Adjunct Research Fellow
Location: Sacramento, United States of America
Science Modeling Talks Podcast
After two decades teaching high school physics and mathematics, I learned to use an extremely effective method for teaching–Modelling Instruction. The impact of the modelling learning environment on student thinking was both profound and fascinating. After using the method for a number of years in my classroom I returned to the university to study student sense-making in physics. After completing my PhD I focused on teaching teachers. I was a professor of science education at Arizona State University (ASU), helping to create a master of natural science program for STEM teaching for middle and high school teachers. In 2017 I left ASU to become the first Executive Officer of the American Modeling Teachers Association (AMTA), a grassroots organisation that provides community, professional development, and curriculum resources for the roughly 15,000 teachers worldwide who use the Modeling method of instruction. In 2017 I became AMTA’s first Senior Fellow. My time is now devoted to research, development, and mentoring. My goal is to help science teachers to teach brilliantly.
I’m currently partnering with Global Hands-on Universe (GHOU) to create Gee Whiz Astronomy Exoplanet Hunters Clubs for middle and high school students from all over the world — a place for them to learn to learn image analysis and link to robotic telescopes to obtain images to analyse. I’m writing curriculum resources for Astronomy Modeling Workshops for teachers. I’m mentoring two PhD students (one at UniSQ) who are doing research related to Modeling Instruction. I have three National Science Foundation (NSF) grants to advance physics learning:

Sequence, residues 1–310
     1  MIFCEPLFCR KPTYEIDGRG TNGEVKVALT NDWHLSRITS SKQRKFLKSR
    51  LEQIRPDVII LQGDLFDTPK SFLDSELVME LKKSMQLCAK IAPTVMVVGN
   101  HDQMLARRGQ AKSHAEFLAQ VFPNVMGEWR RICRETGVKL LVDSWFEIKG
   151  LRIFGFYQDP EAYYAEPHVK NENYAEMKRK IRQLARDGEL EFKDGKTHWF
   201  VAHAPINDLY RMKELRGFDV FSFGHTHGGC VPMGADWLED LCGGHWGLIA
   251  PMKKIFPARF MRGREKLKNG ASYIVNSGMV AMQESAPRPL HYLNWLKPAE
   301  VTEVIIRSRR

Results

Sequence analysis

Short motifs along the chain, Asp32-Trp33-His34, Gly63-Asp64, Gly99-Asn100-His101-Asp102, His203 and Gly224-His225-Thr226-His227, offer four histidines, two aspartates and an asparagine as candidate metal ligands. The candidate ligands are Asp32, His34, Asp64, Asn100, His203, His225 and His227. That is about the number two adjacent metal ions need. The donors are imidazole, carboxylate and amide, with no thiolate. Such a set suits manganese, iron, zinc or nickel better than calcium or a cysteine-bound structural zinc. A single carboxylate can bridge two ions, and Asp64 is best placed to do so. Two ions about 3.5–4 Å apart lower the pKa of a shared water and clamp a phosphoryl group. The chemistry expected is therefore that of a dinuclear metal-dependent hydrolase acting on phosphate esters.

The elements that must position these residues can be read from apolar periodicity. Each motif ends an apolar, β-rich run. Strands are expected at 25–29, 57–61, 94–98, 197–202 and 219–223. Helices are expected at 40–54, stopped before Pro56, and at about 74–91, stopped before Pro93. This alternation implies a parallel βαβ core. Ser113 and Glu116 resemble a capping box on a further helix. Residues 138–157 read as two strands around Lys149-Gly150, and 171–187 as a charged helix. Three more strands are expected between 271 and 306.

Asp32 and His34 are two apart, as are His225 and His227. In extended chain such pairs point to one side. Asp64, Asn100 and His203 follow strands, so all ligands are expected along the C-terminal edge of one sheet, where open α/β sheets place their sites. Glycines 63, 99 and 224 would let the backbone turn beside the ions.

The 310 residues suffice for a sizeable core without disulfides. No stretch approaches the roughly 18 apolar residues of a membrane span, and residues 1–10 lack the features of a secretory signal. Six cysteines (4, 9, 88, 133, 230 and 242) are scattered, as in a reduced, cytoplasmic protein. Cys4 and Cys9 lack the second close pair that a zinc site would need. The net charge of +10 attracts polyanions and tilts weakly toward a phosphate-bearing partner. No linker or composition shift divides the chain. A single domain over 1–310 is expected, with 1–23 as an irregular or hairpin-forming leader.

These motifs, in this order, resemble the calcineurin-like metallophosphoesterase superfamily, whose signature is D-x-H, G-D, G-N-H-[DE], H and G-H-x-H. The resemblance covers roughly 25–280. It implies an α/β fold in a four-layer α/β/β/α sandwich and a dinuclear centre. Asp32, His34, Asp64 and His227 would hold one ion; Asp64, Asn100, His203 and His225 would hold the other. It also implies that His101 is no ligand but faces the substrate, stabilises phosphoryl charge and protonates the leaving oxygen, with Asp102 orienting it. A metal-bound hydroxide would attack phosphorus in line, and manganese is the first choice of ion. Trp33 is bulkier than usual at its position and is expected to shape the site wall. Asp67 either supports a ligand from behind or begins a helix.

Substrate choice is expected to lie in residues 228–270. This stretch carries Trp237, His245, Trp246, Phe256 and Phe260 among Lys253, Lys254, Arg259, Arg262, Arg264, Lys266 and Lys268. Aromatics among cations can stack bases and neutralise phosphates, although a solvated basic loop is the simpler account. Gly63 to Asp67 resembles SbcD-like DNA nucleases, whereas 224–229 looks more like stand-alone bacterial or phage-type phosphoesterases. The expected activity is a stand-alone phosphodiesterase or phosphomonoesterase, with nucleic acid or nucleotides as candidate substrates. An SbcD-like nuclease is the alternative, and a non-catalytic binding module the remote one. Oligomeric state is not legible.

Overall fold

- To develop and deploy computational modelling for 9th grade physics
- To develop a smart phone app that uses augmented reality to visualise magnetic fields
- To develop a smart phone app that uses LiDAR to map motion.
I have an NSF proposal under consideration to scale up our Exoplanet Hunters Clubs in the US, to place powerful imaging telescopes (eVscopes) in the hands of informal science learning groups: Girl Scout groups, students and teachers, to provide leadership training and development to motivate interest and enthusiasm for advanced STEM studies and STEM careers.
- Astronomy Education